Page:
It is impossible to think about democracy without elections. The litmus test of any electoral process in any country is the possibility of a one time minority to become a majority at another time and a peaceful transition of power. In many countries in Sub-Saharan Africa though the multi-party elections appeared to be competitive they failed the acid test of democracy: peaceful regime change in a free and fair election. Failure to solve electoral disputes might lead to bloody electoral conflicts as witnessed in many emerging democracies in Africa. The aim of this paper is to investigate electoral conflicts in Africa since the end of the Cold War by using the 2005 post-election violence in Ethiopia as a case study. In Ethiopia, the coming to power of the EPRDF in 1991 marked the fall of the Derg dictatorial military government and the beginning of a multi-party democracy. The country held multi-party parliamentary elections in 1995, 2000, and 2005 where the ruling EPRDF party “won" the elections through violence, involving intimidation, manipulation, detentions of political opponents, torture, and political assassinations. The 2005 electoral violence was the worst electoral violence in the country-s political history that led to the death of 193 protestors and the imprisonment of more than 40, 000 people. It is found out that the major causes of the 2005 Ethiopian election were the defeat of the ruling party in the election and its attempt to reverse the poll results by force; the Opposition-s lack of decisive leadership; the absence of independent courts and independent electoral management body; and the ruling party-s direct control over the army and police.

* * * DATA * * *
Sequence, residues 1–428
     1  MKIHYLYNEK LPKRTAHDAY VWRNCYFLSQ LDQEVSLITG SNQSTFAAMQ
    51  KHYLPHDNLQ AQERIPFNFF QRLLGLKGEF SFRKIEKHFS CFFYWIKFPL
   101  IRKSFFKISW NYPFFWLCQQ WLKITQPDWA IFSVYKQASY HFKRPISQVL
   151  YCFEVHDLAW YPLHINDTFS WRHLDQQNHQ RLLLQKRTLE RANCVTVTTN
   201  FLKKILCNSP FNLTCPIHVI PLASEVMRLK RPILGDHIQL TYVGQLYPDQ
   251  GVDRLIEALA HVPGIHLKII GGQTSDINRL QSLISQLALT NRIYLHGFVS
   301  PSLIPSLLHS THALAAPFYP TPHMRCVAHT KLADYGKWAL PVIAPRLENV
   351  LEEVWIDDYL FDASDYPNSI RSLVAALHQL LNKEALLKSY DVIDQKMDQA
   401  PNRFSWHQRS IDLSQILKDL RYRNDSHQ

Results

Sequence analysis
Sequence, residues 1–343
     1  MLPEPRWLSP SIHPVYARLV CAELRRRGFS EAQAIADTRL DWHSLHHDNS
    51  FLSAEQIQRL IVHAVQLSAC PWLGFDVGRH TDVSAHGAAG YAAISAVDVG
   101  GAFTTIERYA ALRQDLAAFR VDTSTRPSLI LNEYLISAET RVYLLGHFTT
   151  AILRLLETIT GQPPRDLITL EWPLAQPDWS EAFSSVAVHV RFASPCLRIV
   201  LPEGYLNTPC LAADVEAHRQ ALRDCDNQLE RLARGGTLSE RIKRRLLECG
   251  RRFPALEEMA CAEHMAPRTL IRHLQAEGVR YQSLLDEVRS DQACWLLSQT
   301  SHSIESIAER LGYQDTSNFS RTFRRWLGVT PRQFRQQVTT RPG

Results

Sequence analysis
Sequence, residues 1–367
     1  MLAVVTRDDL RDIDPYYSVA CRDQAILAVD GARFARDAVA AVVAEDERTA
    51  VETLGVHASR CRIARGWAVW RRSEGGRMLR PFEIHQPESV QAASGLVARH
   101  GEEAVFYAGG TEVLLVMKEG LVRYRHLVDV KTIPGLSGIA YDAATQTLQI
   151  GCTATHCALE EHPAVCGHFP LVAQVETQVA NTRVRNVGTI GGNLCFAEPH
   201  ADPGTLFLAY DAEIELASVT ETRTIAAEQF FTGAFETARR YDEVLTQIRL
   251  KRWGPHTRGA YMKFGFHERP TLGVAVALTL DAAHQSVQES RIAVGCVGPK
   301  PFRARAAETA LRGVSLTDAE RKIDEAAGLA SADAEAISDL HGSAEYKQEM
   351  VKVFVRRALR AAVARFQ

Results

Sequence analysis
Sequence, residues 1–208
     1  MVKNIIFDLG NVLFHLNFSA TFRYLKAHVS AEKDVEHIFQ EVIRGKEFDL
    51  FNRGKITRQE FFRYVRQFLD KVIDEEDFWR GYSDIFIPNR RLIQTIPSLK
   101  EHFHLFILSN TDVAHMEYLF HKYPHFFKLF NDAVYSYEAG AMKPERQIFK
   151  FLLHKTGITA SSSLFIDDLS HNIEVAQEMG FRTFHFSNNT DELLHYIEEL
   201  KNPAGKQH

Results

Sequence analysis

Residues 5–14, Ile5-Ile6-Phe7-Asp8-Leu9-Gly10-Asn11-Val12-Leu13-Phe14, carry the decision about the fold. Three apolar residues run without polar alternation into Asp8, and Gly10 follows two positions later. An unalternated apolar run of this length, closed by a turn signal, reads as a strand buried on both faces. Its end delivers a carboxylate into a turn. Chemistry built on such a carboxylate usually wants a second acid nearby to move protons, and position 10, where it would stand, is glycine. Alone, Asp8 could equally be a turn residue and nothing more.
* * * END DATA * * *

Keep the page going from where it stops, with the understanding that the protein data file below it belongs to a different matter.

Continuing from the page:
Keywords: Africa, Ethiopia, Election, Electoral violence, NEBE.

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1 The Nexus between Migration and Human Security: The Case of Ethiopian Female Migration to Sudan

Authors: Anwar Hassen Tsega

Abstract:

International labor migration is an integral part of the modern globalized world. However, the phenomenon has its roots in some earlier periods in human history. This paper discusses the relatively new phenomenon of female migration in Africa. In the past, African women migrants were only spouses or dependent family members. But as modernity swept most African societies, with rising unemployment rates, there is evidence everywhere in Africa that women labor migration is a growing phenomenon that deserves to be understood in the context of human security research. This work explores these issues further, focusing on the experience of Ethiopian women labor migrants to Sudan. The migration of Ethiopian people to Sudan is historical; nevertheless, labor migration mainly started since the discovery and subsequent exploration of oil in the Sudan. While the paper is concerned with the human security aspect of the migrant workers, we need to be certain that the migration process will provide with a decent wage, good working conditions, the necessary social security coverage, and labor protection as a whole. However, migration to Sudan is not always safe and female migrants become subject to violence at the hands of brokers, employers and migration officials. For this matter, the paper argued that identifying the vulnerable stages and major problem facing female migrant workers at various stages of migration is a prerequisite to combat the problem and secure the lives of the migrant workers. The major problems female migrants face include extra degrees of gender-based violence, underpayment, various forms of abuse like verbal, physical and sexual and other forms of torture which include beating and slaps. This peculiar situation could be attributed to the fact that most of these women are irregular migrants and fall under the category of unskilled and/or illiterate migrants.

Keywords: Labor migration, human security, trafficking, smuggling, Ethiopia, Sudan.